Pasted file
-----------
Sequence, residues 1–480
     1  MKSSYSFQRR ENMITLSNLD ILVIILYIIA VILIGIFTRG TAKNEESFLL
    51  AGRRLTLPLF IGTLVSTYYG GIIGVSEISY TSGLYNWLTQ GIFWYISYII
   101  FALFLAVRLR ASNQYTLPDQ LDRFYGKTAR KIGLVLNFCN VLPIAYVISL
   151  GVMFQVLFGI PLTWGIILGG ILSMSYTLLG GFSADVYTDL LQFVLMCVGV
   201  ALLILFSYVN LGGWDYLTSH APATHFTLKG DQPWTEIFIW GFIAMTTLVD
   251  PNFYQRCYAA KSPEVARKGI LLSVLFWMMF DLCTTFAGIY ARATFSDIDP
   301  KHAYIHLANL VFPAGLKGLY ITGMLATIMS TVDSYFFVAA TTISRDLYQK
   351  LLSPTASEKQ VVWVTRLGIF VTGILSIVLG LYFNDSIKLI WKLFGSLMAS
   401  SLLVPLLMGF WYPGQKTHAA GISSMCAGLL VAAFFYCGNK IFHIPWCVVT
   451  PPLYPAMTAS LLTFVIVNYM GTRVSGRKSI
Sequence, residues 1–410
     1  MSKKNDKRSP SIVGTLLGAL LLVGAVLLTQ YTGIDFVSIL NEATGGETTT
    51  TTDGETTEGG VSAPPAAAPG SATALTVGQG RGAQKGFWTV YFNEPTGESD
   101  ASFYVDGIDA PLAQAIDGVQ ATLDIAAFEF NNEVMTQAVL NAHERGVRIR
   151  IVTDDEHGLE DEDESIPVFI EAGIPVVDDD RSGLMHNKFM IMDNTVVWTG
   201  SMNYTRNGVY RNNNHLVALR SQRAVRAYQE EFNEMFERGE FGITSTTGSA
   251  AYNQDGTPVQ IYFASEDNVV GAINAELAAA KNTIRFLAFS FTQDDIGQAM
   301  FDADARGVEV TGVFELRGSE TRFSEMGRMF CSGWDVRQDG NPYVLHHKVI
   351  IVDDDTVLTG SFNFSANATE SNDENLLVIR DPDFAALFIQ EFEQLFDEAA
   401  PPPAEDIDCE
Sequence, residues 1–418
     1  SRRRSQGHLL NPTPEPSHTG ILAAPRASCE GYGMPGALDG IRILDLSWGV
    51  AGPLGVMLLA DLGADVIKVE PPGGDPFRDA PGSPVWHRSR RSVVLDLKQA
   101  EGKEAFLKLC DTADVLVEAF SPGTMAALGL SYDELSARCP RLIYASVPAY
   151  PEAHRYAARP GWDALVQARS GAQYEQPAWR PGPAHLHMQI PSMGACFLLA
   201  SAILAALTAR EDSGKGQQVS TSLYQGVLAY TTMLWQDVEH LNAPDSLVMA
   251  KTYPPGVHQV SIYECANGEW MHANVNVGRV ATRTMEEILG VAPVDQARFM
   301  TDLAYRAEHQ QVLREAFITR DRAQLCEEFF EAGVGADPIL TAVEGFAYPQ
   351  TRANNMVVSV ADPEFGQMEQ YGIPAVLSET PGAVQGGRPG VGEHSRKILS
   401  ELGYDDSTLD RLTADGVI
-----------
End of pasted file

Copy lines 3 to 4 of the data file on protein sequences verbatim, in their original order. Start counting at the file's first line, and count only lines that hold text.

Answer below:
    51  AGRRLTLPLF IGTLVSTYYG GIIGVSEISY TSGLYNWLTQ GIFWYISYII
   101  FALFLAVRLR ASNQYTLPDQ LDRFYGKTAR KIGLVLNFCN VLPIAYVISL